Performance

Death Row Records

Death Row Records was a prominent American record label founded in 1991 by Marion “Suge” Knight and Andre “Dr. Dre” Young. The label played a significant role in shaping the sound and success of West Coast hip-hop during the 1990s. Death Row Records was known for its roster of talented artists and its association with the gangsta rap genre.

In its early years, Death Row Records gained immediate attention with the release of Dr. Dre’s solo debut album, “The Chronic,” in 1992. The album achieved critical acclaim and commercial success, solidifying Death Row’s position in the music industry. It featured artists like Snoop Dogg, Daz Dillinger, and RBX, among others.

Snoop Dogg Working with Dr. Dre on Doggystyle Sequel

Snoop Dogg’s debut album, “Doggystyle,” released in 1993, was another major success for Death Row. It became the label’s first album to debut at number one on the Billboard 200 chart and is considered one of the most influential and best-selling hip-hop albums of all time.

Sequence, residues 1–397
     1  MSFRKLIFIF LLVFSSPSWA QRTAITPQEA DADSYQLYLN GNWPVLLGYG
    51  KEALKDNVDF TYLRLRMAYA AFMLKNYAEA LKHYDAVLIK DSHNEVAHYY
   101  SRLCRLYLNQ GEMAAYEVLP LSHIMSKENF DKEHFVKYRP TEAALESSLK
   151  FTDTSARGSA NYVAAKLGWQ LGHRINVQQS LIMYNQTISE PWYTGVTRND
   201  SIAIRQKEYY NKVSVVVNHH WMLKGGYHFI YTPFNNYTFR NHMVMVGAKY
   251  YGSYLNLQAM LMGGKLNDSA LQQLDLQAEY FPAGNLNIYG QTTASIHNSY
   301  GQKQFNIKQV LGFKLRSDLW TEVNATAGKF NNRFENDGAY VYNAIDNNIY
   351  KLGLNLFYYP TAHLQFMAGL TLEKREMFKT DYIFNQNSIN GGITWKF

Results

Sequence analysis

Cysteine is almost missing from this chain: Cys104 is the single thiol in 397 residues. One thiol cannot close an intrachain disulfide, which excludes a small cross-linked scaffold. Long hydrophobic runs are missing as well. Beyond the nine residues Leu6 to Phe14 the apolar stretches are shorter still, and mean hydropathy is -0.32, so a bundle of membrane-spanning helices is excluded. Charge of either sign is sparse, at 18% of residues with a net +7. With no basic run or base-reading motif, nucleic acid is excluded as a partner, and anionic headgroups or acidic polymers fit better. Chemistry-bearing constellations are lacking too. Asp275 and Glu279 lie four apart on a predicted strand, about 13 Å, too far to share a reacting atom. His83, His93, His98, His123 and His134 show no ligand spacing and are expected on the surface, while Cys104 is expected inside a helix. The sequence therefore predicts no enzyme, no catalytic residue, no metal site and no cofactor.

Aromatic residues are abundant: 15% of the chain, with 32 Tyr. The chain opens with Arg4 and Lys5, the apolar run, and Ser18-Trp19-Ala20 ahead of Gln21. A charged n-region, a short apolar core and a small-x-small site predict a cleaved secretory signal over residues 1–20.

Death Row Records also signed and released music from other notable artists, including Tupac Shakur, Tha Dogg Pound, Lady of Rage, and Nate Dogg. Tupac, in particular, became one of the label’s most significant artists. His albums “All Eyez on Me” and “The Don Killuminati: The 7 Day Theory” were critically acclaimed and commercially successful.

However, Death Row Records faced numerous controversies and legal issues throughout its existence. In 1996, Suge Knight was involved in a high-profile altercation with Tupac Shakur, which ultimately led to Tupac’s death. The following year, Knight was sentenced to prison on a parole violation, contributing to the label’s decline.

Tupac Shakur drives away with Death Row company executive Suge Knight. Tupac dies from a drive-by shooting minutes after. 13 Sep 1996, in Las Vegas, Nevada

Financial difficulties, legal battles, and the departures of key artists eventually led to the label’s decline. Death Row Records filed for bankruptcy in 2006, and its assets were eventually sold off. Today, the label’s legacy continues to resonate in the history of West Coast hip hop, and its artists and albums are still celebrated as iconic contributions to the genre.

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